MARTIN: Okay, I'm going to tell you about a very determined turtle. Apparently, there is a leather-back turtle who swam 12,774 miles. Now, this is surprising to me because when I think turtle, I think very little arms, right? Very little, turtle arms, like how does a turtle swim? This is something that maybe we're going to have to investigate.

STEWART: Didn't you - "Aesop's Fables"? "Turtle and the Hare," slow and steady wins the race.

MARTIN: Yeah, I guess. But I thought that was on ground. I didn't even...

STEWART: They can swim, too.

MARTIN: I can't even wrap my head around a - like, does the turtle get tired of doing the front stroke, so it's like on the side stroke? I mean, that's a really - that's a long way. Research biologists tracked this one particular turtle. It took him 647 days to journey from the coast of Papua province in Indonesia to Oregon. The turtle reached Oregon and then headed to Hawaii - as you would if you've just completed such a grueling task - before the battery on the satellite transmitter gave out. So I guess he's still going. He went to Oregon and he's just kept on going to Hawaii.

STEWART: There you go.

MARTIN: Interesting. Our next story has a music accompaniment please.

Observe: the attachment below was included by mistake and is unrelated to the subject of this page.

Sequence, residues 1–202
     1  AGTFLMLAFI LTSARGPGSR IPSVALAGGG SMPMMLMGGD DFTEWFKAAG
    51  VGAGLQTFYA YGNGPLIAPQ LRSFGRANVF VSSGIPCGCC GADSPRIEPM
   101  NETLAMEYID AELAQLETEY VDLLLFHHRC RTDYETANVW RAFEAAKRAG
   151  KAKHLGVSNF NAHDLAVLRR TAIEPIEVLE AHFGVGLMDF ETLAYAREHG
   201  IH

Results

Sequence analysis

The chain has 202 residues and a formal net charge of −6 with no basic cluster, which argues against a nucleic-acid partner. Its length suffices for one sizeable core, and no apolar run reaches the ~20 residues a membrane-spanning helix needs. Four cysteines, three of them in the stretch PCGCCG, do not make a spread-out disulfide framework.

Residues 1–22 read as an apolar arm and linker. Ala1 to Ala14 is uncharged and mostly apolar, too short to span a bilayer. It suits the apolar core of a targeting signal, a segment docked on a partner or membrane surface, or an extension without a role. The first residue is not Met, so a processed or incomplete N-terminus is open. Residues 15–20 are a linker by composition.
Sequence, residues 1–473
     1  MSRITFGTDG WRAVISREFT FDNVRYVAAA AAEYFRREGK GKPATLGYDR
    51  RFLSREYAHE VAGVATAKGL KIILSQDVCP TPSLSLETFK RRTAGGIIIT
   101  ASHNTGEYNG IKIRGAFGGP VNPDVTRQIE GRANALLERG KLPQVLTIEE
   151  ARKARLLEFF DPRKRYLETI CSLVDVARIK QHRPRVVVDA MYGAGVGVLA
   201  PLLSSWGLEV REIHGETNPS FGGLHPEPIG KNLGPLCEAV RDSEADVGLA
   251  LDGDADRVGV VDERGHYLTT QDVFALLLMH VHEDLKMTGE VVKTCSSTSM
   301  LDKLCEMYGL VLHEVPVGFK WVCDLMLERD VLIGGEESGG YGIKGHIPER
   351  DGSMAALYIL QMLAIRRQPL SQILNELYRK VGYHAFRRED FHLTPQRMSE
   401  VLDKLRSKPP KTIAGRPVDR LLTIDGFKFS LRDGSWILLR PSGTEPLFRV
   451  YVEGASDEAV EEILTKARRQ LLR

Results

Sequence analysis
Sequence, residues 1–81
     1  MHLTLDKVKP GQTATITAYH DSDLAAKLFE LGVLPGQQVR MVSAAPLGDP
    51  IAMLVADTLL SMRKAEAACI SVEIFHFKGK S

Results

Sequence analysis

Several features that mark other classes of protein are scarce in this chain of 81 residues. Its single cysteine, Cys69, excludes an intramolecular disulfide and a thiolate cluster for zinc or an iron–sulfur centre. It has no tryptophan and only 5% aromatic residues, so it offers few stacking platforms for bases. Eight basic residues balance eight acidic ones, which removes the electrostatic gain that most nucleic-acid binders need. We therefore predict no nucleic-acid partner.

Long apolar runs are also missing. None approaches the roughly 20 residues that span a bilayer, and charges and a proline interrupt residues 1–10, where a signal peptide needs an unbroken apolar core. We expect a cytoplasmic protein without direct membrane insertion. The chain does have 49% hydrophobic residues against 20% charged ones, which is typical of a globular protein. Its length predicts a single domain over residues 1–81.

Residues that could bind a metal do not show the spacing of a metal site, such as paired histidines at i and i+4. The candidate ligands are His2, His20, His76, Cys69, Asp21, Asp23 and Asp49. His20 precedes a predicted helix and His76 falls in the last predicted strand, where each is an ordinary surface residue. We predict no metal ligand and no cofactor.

(Soundbite of song, "Valerie")

Ms. AMY WINEHOUSE (Singer): (Singing) Well, sometimes I go out by myself and I look across the water.

MARTIN: She's not coming across the water. Even six Grammy nominations, you can't get Amy Winehouse into the United States. The singer's application for a visa has been denied, so you won't see her on the Grammy red carpet this Sunday. She still may make an appearance via satellite. Her label is said to be working on a deal for her to perform from Britain. As you may know, she has been in rehab for several weeks following a release of a video which allegedly showed her smoking crack cocaine. Now, Amy Winehouse, a really great talent, lady who gets in some trouble, is nominated for six awards, including the top prizes of Best New Artist, Best Record, Song of the Year and Best Album of the Year. So.